What is the case for increasing council tax rates in Scotland?

This blog shows that council tax rates are now markedly lower in Scotland than in England and Wales. Increasing council tax in Scotland to match rates in Wales (or England) would raise substantial revenues, but would have adverse distributional implications. The case for more fundamental reform of property taxation is stronger than the case for increasing rates within the existing system.

Differences in income tax policy between Scotland and rUK have been the subject of heated debate. There has been relatively little attention paid to differences in council tax policy in Scotland compared to England and Wales. But in some ways, the differences in council tax policy are more pronounced than they are for income tax.Continue reading

May 22, 2019

Where next on inclusive growth? 6 steps to build upon…

It’s hard to talk about economic policy in Scotland without the phrase ‘inclusive growth’ popping up.

It is, not just at the core of Scottish Government activity, but the central narrative for local authorities, agencies and public bodies across Scotland.

At an event last week, some people asked for our take, so in this slightly longer than usual blog, we set out some thoughts on the inclusive growth agenda, the evidence, and where the debate might go next.

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May 21, 2019

VAT assignment: paused for now, but will it be pulled for good?

The Scottish Government announced last week that the assignment of Scottish VAT revenues to the Scottish budget is likely to be delayed – possibly until after the fiscal framework review in 2022. Giving evidence to the Finance and Constitution Committee last week, Derek MacKay said: ‘I am becoming increasingly minded to postpone VAT assignment until VAT powers can be further discussed at the time of the fiscal framework review’.Continue reading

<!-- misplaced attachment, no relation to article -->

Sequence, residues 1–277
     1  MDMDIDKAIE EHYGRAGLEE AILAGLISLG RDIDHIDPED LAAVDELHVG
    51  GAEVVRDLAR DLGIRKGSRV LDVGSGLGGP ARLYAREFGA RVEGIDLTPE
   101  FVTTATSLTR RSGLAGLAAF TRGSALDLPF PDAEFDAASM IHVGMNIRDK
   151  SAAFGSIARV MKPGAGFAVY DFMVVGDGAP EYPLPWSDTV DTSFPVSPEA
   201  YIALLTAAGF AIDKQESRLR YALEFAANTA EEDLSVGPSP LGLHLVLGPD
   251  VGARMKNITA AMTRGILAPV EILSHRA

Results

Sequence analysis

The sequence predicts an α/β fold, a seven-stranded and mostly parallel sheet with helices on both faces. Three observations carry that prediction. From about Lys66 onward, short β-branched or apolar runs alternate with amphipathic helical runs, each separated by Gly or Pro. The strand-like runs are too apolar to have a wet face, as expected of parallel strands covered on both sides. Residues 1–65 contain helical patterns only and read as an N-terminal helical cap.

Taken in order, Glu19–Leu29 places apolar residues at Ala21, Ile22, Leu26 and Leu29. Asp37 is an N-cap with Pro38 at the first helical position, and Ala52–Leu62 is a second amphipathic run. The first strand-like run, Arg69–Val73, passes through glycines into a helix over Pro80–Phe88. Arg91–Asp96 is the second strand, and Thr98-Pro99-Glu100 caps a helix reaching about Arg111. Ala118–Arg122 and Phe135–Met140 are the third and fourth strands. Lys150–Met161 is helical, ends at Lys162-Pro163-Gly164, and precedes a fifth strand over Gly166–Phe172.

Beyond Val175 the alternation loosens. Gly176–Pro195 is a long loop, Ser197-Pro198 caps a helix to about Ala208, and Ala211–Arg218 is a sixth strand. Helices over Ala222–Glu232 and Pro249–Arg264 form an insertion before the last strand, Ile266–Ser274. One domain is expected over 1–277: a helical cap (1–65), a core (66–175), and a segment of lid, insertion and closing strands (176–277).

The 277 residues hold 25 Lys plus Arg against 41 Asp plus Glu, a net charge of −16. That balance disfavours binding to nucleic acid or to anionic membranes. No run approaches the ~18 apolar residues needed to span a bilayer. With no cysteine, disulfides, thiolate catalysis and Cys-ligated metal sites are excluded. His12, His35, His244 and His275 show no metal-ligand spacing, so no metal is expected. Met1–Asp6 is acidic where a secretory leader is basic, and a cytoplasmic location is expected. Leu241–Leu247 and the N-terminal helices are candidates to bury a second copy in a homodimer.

May 14, 2019

Is the Scottish budget for 2019/20 disadvantaged by UK Government policy decisions on income tax?

Is the Scottish budget for 2019/20 disadvantaged by UK Government policy decisions on income tax? The Scottish Government argues that it is. The government’s case is reasonable – but potentially undermined by its own stated policy commitments.

The Smith Commission identified two ‘no detriment’ principles which it said should apply to Scotland’s new fiscal framework.

The first was that there should be ‘no detriment’ simply as the result of the initial transfer of a particular power.

The second – and the one relevant to this blog – was that neither government should face detriment as a result of a policy decision taken by the other. Specifically, ‘where either government makes a policy decision which effects the revenues or expenditure of the other, the decision-making government should reimburse the other where there is an additional cost, or receive a transfer if there is a saving’.Continue reading

May 13, 2019

Addendum – a quick note about GDP including oil

A few people have got in touch since we published yesterday’s blog to ask why oil and gas isn’t included in the headline real-terms GDP growth series that the Scottish Government publish in their National Accounts, and what the series might look like if it was included. The Scottish Government don’t publish this series, although they do publish it in nominal terms (and is the source of the per capita figure we discussed yesterday).

It is entirely possible to include it and perhaps a fully comprehensive suite of National Accounts might wish to do that. We have a few back-of-the-envelope calculations to look at this, using the published UK series for offshore extraction and weighting that in to the Scottish series.

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May 3, 2019